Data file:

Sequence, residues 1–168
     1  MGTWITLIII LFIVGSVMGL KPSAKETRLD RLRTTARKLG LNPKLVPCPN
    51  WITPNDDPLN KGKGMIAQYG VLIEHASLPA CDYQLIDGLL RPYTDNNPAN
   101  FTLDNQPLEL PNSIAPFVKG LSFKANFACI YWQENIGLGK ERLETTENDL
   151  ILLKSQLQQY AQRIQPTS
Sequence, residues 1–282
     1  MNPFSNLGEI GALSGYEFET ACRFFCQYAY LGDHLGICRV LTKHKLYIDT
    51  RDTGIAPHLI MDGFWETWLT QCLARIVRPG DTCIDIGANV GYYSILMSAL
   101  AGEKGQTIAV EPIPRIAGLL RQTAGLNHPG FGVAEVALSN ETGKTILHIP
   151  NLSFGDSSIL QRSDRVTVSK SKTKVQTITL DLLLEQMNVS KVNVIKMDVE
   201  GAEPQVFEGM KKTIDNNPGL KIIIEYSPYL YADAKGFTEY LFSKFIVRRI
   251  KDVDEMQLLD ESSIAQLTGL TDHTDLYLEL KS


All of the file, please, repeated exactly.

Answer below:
Sequence, residues 1–168
     1  MGTWITLIII LFIVGSVMGL KPSAKETRLD RLRTTARKLG LNPKLVPCPN
    51  WITPNDDPLN KGKGMIAQYG VLIEHASLPA CDYQLIDGLL RPYTDNNPAN
   101  FTLDNQPLEL PNSIAPFVKG LSFKANFACI YWQENIGLGK ERLETTENDL
   151  ILLKSQLQQY AQRIQPTS
Sequence, residues 1–282
     1  MNPFSNLGEI GALSGYEFET ACRFFCQYAY LGDHLGICRV LTKHKLYIDT
    51  RDTGIAPHLI MDGFWETWLT QCLARIVRPG DTCIDIGANV GYYSILMSAL
   101  AGEKGQTIAV EPIPRIAGLL RQTAGLNHPG FGVAEVALSN ETGKTILHIP
   151  NLSFGDSSIL QRSDRVTVSK SKTKVQTITL DLLLEQMNVS KVNVIKMDVE
   201  GAEPQVFEGM KKTIDNNPGL KIIIEYSPYL YADAKGFTEY LFSKFIVRRI
   251  KDVDEMQLLD ESSIAQLTGL TDHTDLYLEL KS